Listen to me. Do you think, for one second, that they’re gonna fire the top salesperson in the company, the top salesperson in the company just because she happens to tell people that she’s a follower of Jesus? Not gonna happen. You think they’re gonna get rid of the engineer that keeps finding ways to improve the bottom line of the company, keep finding ways to improve their products and increase their profits just because he keeps a Bible on his desk and he invites people to come to church with him on the weekend? Not gonna happen. Do you think the contractor who gets the job done on time and under budget… That does happen. It does. Do you think the contractor who gets the job done on time and under budget but who also hands his clients, you know, an invite card to the next sermon series of his church, you think they’re gonna stop calling that guy to come do work? Not a chance, right? Listen to me. The quality of our work gives us permission to live on mission with Jesus. And that’s an awesome thing. Okay. So what do we know? Here’s what we know. Employees, we’re supposed to see your work as an extension of your worship by treating your employers with respect and loyalty. That’s what you’re supposed to do. That’s the bottom line, okay?

Now, that’s employees. What about employers? Here’s what he says. He says, “And [employers], treat your [employees] in the same way.” I love that. “In the same way.” In other words, extend to them what you expect from them, right? He says, “Treat them in the same way.” Okay? Well, what does that mean? What’s “In the same way?” Well, what he’s already said. He said this. He says, “It’s about respect and loyalty and doing it as though you’re serving Jesus.” So employers must treat their employees with respect and loyalty as if they’re serving the Lord. Okay? That’s what they’re supposed to do. Now, obviously, it’s gonna look a little bit different for an employer to show respect and loyalty to an employee, but it’s the same concept, respect and loyalty as if you’re serving the Lord.

Okay. If you’re an employer, what does this look like? Well, let me give you a few things, some things that I’ve learned in my own journey from employee over to the other side of the table as employer. The first one is this. Assume complexity before incompetence. If that sounds familiar, this is exactly what I said to employees. You know, employees are questioning, you know, the boss’ every decision because they’re not aware of all, you know, the factors that are going into that decision. Well, employers, we’ve got to do the same thing with our employees. And sometimes we get frustrated because, you know, we ask them to do something, it’s taking an awfully long time, or it didn’t come out quite the way we expected it would. And we get frustrated. And we tend to assume that either they’re lazy or they’re just not paying attention, or they’re not doing their job. But the reality is, remember, every position has a perspective. That includes the employee positions. And sometimes our employees are in a position to see things that as employers, we don’t see. And so we ask them to do something. It seems super simple, super easy, but the reality is it’s a lot more complex. And maybe they’re trying really hard, but they’re struggling to get it done in the time frame that we expected or in the way that we expected because we’re not aware of complexity. And so rather than assuming that they’re incompetent, we should start with the assumption that there’s complexity, okay? Assume complexity before incompetence. We need to ask questions before we pass judgments. That’s one of the ways we can do it.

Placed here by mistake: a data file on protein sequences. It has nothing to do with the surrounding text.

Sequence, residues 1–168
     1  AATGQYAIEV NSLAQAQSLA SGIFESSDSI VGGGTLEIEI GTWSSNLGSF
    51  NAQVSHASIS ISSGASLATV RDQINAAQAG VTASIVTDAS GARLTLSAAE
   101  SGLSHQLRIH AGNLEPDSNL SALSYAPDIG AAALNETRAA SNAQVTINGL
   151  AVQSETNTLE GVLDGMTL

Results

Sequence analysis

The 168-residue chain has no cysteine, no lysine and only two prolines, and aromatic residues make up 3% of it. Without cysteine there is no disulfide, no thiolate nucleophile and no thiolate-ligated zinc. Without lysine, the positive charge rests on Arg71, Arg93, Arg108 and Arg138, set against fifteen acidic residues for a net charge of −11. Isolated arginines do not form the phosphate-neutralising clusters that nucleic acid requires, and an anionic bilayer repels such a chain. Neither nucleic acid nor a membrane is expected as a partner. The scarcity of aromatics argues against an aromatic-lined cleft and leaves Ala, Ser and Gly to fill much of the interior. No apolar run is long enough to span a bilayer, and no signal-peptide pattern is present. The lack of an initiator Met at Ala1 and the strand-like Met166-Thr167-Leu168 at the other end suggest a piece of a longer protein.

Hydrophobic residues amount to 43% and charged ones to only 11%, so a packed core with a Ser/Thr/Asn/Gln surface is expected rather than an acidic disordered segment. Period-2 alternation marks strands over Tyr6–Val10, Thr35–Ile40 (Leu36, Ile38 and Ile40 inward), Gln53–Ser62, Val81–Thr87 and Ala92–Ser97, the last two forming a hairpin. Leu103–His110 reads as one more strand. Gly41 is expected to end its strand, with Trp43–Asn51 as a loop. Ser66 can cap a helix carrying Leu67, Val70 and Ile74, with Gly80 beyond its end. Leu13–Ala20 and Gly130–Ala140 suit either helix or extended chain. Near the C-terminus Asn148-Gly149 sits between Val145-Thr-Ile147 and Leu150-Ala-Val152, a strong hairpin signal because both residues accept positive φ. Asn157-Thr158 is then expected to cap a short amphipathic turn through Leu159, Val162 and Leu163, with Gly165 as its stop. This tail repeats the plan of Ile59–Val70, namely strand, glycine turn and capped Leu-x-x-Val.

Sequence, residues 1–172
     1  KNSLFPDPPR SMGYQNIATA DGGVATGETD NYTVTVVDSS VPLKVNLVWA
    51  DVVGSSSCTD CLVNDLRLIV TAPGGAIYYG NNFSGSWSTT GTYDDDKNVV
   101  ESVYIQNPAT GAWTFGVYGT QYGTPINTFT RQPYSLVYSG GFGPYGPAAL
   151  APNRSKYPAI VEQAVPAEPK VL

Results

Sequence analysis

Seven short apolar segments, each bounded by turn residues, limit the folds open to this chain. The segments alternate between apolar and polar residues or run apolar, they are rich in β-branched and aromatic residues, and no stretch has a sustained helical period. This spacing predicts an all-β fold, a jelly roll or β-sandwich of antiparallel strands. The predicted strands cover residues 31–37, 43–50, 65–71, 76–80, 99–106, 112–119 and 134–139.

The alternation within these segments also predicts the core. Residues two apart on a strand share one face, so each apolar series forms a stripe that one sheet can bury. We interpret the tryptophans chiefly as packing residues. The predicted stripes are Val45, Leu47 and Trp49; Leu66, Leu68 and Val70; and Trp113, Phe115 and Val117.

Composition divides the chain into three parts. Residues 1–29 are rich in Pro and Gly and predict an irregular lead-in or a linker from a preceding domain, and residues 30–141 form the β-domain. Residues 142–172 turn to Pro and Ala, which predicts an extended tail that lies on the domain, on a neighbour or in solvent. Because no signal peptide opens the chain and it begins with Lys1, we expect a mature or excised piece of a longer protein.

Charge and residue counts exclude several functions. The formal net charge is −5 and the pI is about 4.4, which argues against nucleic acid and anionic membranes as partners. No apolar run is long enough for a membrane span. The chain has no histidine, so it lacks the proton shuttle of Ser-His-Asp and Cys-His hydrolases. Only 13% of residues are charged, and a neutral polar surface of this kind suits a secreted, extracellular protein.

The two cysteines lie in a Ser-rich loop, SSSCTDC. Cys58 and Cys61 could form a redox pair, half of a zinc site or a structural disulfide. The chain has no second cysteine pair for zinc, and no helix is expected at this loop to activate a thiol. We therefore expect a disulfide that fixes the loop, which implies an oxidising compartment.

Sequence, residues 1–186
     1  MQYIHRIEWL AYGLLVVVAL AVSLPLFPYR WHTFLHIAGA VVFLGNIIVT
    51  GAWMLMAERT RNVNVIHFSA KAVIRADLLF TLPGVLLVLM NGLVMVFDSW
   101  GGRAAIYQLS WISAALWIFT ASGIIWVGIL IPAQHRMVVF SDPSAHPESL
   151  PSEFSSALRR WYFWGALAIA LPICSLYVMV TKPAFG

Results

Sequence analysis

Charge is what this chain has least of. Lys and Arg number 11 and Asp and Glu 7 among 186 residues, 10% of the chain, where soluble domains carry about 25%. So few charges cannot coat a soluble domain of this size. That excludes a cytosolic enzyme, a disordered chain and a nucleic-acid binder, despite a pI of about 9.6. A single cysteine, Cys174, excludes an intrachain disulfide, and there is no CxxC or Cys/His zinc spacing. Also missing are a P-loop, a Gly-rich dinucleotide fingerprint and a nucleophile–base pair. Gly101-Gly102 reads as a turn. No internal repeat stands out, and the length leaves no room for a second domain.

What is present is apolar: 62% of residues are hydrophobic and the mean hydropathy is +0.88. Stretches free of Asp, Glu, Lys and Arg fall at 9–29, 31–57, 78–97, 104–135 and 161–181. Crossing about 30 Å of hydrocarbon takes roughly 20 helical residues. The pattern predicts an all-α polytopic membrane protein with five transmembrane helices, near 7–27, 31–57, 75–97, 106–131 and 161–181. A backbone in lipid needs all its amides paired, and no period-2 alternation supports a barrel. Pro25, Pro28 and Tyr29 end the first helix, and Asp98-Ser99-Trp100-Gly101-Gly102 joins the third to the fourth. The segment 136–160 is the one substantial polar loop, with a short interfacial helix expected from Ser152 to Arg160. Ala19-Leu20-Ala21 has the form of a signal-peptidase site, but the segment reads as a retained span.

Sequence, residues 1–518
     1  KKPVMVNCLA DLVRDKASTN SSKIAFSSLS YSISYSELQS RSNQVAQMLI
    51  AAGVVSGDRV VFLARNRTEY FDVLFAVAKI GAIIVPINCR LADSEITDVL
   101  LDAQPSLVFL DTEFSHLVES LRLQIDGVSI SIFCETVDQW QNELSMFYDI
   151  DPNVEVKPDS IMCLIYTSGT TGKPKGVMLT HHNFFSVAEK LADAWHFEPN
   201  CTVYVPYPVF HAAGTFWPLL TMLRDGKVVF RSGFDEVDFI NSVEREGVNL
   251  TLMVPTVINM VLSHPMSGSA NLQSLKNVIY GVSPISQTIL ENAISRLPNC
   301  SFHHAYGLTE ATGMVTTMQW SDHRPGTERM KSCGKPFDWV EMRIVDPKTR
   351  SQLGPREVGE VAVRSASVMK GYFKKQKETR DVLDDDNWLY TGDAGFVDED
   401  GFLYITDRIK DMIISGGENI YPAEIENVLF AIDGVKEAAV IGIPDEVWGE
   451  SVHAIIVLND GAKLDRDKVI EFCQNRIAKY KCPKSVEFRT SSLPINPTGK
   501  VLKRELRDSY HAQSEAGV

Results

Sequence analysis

Another way we can do it is this. Promote from inside rather than hiring from outside whenever possible, right? In other words, especially with upper-level positions, sometimes, you know, we find a management position, something like that, and we’re like, “Okay, I need to bring somebody in,” and we never even pay any attention to the people who were managed by that supervisor, right? We kind of look outside the organization and immediately go, “I need somebody else who’s got the same experience as that position had and, you know, they occupied the same position in another company. And so we’ll bring somebody from the outside.” But the reality is that sometimes we have people in our organizations that are ready to rise up. And we should ask that question first. Before we look to the outside, we should look to see if we have somebody else that we can raise up into that position. It’s actually gonna be good for us, in addition to being good for them, because the reality is, they’re gonna have our culture. We’re already gonna know whether or not we can trust them, whether they have chemistry. We already know what they’re able to do and maybe where they struggle. And so where we can kind of come alongside them. So it’s really good for us, too.

And that’s part of being, I think, respectful and loyal to our employees, is to try to hire from within or promote from within rather than hire from without, okay? Now, you can’t always do that. I know that. Sometimes you don’t have the right person, so sometimes you do have to go outside, but we should at least start by asking the question, “Do we have somebody else here who’s ready to rise up before we reach out to bring somebody else into the organization?” Okay?